John W. Fox, ‘Irish Immigrants, Pauperism, and Insanity in 1854 Massachusetts’, Social Science History, 15 (1991), 315-36.

Oonagh Walsh, ‘“The Designs of Providence”: Race, Religion and Irish Insanity’, in Joseph Melling and Bill Forsythe (eds), Insanity, Institutions and Society, 1800-1914 (London and New York: Routledge, 1999), pp. 223-42.

Joseph Robins, Fools and Mad: A History of the Insane in Ireland (Dublin: Institute of Public Administration, 1986).

Nancy Scheper-Hughes, Saints, Scholars and Schizophrenics: Mental Illness in Rural Ireland (Berkeley and Los Angeles: University of California Press, 1979).

Liam Greenslade, ‘The Blackbird Calls in Grief: Colonialism, Health and Identity among Irish Immigrants in Britain’, in Jim MacLaughlin (ed.), Location and Dislocation in Contemporary Irish Society: Emigration and Irish Identities (Cork: Cork University Press, 1997), 36-60.

Liam Greenslade, Moss Madden and Maggie Pearson, ‘From Visible to Invisible: The “Problem” of the Health of Irish People in Britain’, in Lara Marks and Michael Worboys (eds), Migrants, Minorities and Health: Historical and Contemporary Studies (London and New York: Routledge, 1997), 147-78.

P.J. Bracken et al., ‘Mental Health and Ethnicity: An Irish Dimension’, British Journal of Psychiatry, 172 (1998), 103-5.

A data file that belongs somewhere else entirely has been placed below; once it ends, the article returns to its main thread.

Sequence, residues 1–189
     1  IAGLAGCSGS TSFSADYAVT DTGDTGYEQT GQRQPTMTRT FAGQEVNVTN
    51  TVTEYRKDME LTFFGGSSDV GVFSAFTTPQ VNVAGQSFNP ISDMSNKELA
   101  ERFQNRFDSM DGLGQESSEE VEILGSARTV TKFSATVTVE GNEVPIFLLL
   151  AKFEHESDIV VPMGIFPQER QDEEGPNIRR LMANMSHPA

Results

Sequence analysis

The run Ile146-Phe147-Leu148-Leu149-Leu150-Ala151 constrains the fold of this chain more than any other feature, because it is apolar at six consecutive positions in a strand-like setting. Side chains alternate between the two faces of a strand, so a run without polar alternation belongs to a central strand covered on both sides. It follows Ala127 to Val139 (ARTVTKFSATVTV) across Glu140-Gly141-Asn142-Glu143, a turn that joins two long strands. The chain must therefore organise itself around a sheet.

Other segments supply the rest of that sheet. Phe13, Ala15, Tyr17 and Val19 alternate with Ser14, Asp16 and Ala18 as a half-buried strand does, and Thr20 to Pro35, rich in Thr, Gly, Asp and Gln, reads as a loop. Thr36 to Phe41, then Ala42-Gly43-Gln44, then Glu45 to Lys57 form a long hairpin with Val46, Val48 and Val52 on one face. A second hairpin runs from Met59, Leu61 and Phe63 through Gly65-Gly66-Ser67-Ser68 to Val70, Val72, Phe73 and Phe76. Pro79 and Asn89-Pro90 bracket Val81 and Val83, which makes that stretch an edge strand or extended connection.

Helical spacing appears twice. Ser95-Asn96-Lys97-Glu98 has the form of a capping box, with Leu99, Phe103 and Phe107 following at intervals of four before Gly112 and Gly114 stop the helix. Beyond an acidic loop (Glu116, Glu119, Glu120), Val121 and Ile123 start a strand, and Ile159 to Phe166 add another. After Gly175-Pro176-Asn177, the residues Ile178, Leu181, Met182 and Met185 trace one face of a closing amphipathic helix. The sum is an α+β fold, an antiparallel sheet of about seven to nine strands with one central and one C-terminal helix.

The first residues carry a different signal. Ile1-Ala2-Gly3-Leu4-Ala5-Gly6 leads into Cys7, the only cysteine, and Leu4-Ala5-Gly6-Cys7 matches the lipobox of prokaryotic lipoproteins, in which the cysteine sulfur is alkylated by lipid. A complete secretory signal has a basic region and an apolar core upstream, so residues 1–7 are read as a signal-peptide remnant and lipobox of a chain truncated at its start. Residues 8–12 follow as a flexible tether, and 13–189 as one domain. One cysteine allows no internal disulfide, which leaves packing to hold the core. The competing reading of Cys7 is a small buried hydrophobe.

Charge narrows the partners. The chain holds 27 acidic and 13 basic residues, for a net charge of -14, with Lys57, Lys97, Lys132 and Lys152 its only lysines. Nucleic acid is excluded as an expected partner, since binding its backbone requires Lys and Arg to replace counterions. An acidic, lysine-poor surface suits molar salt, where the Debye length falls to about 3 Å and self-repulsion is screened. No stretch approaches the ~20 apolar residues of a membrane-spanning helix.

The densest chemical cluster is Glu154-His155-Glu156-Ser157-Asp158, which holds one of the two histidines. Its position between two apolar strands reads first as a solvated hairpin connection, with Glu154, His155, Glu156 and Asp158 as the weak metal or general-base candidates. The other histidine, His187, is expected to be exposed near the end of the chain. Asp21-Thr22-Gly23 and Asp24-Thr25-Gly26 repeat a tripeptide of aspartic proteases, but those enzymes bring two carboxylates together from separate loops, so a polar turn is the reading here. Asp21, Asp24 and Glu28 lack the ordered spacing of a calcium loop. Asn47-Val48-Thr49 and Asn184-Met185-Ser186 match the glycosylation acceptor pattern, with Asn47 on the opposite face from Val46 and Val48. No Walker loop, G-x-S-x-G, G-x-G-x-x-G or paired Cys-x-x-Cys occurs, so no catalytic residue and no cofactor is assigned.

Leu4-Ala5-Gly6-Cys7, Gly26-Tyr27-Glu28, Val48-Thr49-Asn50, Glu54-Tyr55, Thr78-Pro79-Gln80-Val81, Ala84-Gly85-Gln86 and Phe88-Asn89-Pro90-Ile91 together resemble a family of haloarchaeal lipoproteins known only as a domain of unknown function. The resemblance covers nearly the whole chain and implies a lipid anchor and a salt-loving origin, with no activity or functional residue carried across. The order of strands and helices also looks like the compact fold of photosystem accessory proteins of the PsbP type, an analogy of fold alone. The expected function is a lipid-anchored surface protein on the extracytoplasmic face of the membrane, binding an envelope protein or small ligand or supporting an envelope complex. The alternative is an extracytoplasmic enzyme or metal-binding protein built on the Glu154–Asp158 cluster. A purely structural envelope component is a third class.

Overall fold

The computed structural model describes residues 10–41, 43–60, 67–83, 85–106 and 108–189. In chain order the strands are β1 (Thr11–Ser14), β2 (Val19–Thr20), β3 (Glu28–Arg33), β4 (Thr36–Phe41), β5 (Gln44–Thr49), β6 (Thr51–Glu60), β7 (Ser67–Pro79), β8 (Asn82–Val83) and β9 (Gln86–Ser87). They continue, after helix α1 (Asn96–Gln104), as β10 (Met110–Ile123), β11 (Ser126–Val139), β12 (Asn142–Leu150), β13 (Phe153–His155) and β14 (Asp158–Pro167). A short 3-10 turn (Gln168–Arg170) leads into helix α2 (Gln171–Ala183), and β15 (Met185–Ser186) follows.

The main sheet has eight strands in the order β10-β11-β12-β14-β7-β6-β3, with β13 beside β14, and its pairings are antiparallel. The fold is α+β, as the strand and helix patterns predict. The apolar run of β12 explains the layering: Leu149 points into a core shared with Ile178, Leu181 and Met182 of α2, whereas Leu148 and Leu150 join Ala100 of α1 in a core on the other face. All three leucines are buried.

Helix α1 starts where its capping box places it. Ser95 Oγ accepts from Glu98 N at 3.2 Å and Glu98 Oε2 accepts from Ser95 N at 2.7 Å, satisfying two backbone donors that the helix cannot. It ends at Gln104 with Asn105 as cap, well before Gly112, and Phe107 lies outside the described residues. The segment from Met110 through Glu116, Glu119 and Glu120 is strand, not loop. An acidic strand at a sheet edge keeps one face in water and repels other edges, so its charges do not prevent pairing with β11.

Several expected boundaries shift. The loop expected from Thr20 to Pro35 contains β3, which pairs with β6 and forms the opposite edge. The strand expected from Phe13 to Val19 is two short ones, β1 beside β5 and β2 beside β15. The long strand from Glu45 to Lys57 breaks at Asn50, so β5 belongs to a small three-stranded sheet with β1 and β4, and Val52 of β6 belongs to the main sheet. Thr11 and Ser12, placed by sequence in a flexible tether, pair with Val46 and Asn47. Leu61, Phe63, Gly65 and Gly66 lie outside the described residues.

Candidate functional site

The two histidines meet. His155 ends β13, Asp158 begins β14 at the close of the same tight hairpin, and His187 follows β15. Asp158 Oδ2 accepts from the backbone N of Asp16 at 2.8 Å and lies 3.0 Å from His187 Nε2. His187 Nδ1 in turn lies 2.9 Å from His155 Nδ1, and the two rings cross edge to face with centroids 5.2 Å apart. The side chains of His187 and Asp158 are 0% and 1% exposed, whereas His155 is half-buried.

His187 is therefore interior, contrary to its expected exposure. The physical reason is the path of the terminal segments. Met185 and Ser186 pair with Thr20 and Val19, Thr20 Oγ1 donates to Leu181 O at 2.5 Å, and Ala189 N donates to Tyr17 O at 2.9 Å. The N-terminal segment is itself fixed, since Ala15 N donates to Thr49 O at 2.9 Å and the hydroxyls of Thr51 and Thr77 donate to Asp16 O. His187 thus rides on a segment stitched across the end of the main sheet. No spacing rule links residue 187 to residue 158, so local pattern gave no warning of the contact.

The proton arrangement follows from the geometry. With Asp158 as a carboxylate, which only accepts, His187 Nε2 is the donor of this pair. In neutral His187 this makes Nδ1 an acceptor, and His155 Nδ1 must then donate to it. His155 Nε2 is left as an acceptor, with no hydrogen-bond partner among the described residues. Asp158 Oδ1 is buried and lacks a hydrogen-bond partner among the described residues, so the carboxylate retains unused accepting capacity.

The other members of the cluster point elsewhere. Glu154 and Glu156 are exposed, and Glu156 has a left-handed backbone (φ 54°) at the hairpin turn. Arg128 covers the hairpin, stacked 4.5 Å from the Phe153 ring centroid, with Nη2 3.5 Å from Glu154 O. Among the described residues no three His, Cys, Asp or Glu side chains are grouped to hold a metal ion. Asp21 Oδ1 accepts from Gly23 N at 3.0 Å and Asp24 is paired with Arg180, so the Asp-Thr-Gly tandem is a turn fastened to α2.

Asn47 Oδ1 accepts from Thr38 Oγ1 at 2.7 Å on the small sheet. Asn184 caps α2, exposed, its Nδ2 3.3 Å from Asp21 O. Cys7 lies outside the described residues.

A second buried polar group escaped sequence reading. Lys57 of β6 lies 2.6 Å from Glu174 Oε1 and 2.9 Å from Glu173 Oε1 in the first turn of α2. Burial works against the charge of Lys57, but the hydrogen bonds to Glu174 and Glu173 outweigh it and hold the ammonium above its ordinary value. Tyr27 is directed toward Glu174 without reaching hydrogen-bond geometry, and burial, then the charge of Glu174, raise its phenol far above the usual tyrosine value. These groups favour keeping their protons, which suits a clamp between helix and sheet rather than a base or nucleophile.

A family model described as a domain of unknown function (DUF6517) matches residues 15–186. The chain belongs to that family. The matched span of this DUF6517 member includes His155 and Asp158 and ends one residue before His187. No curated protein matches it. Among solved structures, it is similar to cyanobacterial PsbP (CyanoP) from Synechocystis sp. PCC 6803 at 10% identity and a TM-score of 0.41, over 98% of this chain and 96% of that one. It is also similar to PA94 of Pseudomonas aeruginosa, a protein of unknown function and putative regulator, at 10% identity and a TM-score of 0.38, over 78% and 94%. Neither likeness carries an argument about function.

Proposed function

Patrick Bracken and Patrick O’Sullivan, ‘The Invisibility of Irish Migrants in British Health Research’, Irish Studies Review, 9:1 (April 2001), 41-51 (copies to be distributed).

Liam Clarke, ‘Mental Illness and Irish People: Stereotypes, Determinants and Changing Perspectives’, Journal of Psychiatric and Mental Health Nursing, 5 (1998), 555-62.

Louise Ryan et al., ‘Depression in Irish Migrants Living in London: Case-Control Study’, British Journal of Psychiatry, 188 (2006), 560-6.

S.P. Singh and T. Burns, ‘Race and Mental Illness: There is More to Race than Racism’, British Medical Journal, 333 (2006), 648-51.

S.P. Singh et al., ‘Ethnicity and the Mental Health Act 1983’, British Journal of Psychiatry, 191 (2007), 99-105.